As may be seen in FIG. 10B, other combinations of spheres 18 and drive rollers are also possible. Thus, in addition to the single drive roller 120 shown in FIG. 10A, idler rollers may also be provided on the other side of each of the spheres to provide more stable support for the spheres. Additional rows of spheres with corresponding additional drive or passive rollers may also be provided.
FIG. 11 illustrate an application of the vehicle of this invention wherein the vehicle 10 is being used for automated transportation of workpieces, materials, tools or the like in a manufacturing facility. The vehicle 10 may be considered a three degree of freedom manipulator with unlimited work space. This is advantageous over conventional robot arms having a fixed face which limits that workspace and are normally cantilevered which limits both stiffness and, hence, accuracy. In FIG. 11, a parallel actuator 130 having three degrees of freedom is mounted on a platform 28 fixed to vehicle 10. This creates a six degree of freedom manipulator with infinite work space and inherent accuracy due to the stiff closed kinematic chain structure. The ability to control the position and movement of objects in six degrees of freedom in a workspace encompassing a whole factory could facilitate flexible manufacturing and assembly by removing the need for fixed material conveyors or dedicated robot arms. In the illustrative example shown, manipulator 130 consists of a platform 132 on which a workpiece or other element to be positioned is mounted. Platform 132 may be raised or lowered or rotated about the X o Y axis by suitably actuating selected combinations of pistons or other actuators, 136A, 136B and 136C. As previously discussed, movement in the X and Y directions and rotation about the Z axis are provided by vehicle 10, thus providing a full six degrees of freedom.
FIG. 12 shows another somewhat modified embodiment of the invention which is similar to FIG. 10B but turned upside down. In particular, FIG. 12 illustrates an omnidirectional conveyor having a single track with multiple rows of spheres which may be driven in the X direction by driving a track in the manner previously discussed and in the Y direction by operating drive rollers 140 in the manner previously discussed. The omnidirectional conveyor may, for example, be placed between the single conventional conveyor 142 and a plurality of output conveyor 144A-144C extending at different angles to cause an object 146 entering the omnidirectional conveyor 138 to be directed to the appropriate output conveyor 144. Further, by turning vehicle 10 upside down, fixing it to a surface, and mounting a platform on tracks 14, a fully controllable three degree of freedom omni directional positioning device is provided.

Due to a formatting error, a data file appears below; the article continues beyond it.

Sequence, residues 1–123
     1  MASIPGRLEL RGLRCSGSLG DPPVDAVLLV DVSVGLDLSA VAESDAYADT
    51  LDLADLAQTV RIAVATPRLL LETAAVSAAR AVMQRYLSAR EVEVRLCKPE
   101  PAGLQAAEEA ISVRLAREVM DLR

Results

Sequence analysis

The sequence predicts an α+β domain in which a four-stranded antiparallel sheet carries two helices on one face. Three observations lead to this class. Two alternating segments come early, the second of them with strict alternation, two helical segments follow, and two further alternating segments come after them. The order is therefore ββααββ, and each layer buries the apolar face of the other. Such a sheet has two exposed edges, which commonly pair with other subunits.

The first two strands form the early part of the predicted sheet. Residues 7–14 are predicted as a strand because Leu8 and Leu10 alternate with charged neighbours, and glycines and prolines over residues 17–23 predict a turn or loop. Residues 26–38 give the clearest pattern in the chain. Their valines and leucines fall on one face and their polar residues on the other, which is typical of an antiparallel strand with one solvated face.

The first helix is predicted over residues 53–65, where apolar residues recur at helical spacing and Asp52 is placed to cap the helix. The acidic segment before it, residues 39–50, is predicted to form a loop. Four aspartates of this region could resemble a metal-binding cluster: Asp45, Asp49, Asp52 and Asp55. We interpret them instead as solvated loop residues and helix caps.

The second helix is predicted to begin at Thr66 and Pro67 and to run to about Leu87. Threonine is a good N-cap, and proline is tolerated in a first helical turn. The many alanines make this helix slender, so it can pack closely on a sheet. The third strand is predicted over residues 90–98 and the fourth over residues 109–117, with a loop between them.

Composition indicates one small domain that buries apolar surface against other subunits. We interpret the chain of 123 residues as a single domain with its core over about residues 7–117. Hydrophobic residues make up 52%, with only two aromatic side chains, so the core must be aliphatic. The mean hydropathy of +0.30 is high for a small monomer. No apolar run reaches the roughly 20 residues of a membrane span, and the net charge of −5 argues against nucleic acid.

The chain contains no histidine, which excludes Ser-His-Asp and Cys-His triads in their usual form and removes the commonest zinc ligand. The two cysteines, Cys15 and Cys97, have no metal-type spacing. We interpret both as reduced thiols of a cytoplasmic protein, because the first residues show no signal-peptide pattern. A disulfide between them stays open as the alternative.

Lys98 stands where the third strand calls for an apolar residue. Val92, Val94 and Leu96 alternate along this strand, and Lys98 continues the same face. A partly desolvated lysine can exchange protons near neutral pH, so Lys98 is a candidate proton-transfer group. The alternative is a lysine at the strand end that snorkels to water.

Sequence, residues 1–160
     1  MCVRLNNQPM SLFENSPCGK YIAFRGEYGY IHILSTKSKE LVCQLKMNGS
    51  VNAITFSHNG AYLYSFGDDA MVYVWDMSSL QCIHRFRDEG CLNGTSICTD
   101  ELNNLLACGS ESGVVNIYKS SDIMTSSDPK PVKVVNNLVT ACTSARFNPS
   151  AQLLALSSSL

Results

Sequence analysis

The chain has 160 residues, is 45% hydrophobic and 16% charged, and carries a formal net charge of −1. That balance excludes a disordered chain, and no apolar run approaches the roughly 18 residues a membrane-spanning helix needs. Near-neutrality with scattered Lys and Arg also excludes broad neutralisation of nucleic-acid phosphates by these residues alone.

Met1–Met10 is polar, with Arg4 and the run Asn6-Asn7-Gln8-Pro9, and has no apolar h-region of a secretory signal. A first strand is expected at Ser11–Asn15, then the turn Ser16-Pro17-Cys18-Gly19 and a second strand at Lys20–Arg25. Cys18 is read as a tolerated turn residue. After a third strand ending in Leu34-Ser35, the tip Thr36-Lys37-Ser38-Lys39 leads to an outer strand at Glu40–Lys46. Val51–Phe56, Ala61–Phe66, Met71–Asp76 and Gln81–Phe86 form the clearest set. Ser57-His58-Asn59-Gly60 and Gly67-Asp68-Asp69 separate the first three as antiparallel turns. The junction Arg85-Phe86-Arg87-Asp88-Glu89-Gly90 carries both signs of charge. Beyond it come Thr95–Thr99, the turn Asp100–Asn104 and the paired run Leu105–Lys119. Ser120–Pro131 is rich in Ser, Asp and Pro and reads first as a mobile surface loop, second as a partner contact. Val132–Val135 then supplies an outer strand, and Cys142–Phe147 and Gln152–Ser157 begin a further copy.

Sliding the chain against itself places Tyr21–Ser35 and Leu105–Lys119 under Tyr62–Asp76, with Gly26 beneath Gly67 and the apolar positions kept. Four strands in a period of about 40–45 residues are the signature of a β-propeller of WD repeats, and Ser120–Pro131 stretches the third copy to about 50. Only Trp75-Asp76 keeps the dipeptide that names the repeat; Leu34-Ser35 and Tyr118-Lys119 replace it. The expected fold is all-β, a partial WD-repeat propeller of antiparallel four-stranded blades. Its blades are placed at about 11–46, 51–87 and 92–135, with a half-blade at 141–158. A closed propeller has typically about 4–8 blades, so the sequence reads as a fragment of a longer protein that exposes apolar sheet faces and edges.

While the invention has been particularly shown and described above with reference to preferred embodiments, and various modifications in such embodiments have been discussed, it will be apparent to those skilled in the ar that further modifications may be made in the embodiments shown while still remaining within the spirit and scope of the invention. The scope of the invention is, therefore, to be limited only by the following claims.
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|U.S. Classification||180/6.62, 305/52, 180/7.1, 901/1, 198/890.1, 180/9.34, 305/122, 180/202, 198/779, 180/9.44|
|International Classification||B25J5/00, B62D55/08, B62D55/28, B62D11/00|
|Cooperative Classification||B62D55/28, B62D55/08, B62D11/00, B25J5/005, B60L2220/46, B60L2260/28, B60L2240/421, B60L2240/12, B60L15/2036, B60L11/1805|
|European Classification||B62D55/28, B62D55/08, B25J5/00T, B62D11/00|
|Oct 24, 1991||AS||Assignment|
Owner name: MASSACHUSETTS INSTITUTE OF TECHNOLOGY, MASSACHUSET
Free format text: ASSIGNMENT OF ASSIGNORS INTEREST.;ASSIGNOR:WEST, A. MARK T.;REEL/FRAME:005899/0629
Effective date: 19911021
|Aug 8, 1996||FPAY||Fee payment|
Year of fee payment: 4
|Sep 12, 2000||REMI||Maintenance fee reminder mailed|
|Jan 19, 2001||SULP||Surcharge for late payment|
Year of fee payment: 7
|Jan 19, 2001||FPAY||Fee payment|
Year of fee payment: 8
|Sep 1, 2004||REMI||Maintenance fee reminder mailed|
|Feb 16, 2005||LAPS||Lapse for failure to pay maintenance fees|
|Apr 12, 2005||FP||Expired due to failure to pay maintenance fee|
Effective date: 20050216